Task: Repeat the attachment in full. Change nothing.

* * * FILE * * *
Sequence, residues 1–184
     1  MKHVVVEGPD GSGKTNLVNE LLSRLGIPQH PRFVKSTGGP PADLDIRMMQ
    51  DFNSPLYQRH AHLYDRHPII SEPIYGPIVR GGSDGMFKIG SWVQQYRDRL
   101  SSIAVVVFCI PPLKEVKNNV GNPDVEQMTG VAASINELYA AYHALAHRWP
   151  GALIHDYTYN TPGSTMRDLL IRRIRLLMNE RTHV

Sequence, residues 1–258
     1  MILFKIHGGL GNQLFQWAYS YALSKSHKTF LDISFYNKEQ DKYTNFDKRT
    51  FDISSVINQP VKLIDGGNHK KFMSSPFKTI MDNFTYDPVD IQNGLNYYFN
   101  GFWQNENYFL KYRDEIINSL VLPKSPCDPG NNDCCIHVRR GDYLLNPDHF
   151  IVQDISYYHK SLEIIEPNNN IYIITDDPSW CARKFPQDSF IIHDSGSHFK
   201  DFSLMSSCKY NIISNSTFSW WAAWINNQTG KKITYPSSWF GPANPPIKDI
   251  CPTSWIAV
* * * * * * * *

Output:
Sequence, residues 1–184
     1  MKHVVVEGPD GSGKTNLVNE LLSRLGIPQH PRFVKSTGGP PADLDIRMMQ
    51  DFNSPLYQRH AHLYDRHPII SEPIYGPIVR GGSDGMFKIG SWVQQYRDRL
   101  SSIAVVVFCI PPLKEVKNNV GNPDVEQMTG VAASINELYA AYHALAHRWP
   151  GALIHDYTYN TPGSTMRDLL IRRIRLLMNE RTHV

Sequence, residues 1–258
     1  MILFKIHGGL GNQLFQWAYS YALSKSHKTF LDISFYNKEQ DKYTNFDKRT
    51  FDISSVINQP VKLIDGGNHK KFMSSPFKTI MDNFTYDPVD IQNGLNYYFN
   101  GFWQNENYFL KYRDEIINSL VLPKSPCDPG NNDCCIHVRR GDYLLNPDHF
   151  IVQDISYYHK SLEIIEPNNN IYIITDDPSW CARKFPQDSF IIHDSGSHFK
   201  DFSLMSSCKY NIISNSTFSW WAAWINNQTG KKITYPSSWF GPANPPIKDI
   251  CPTSWIAV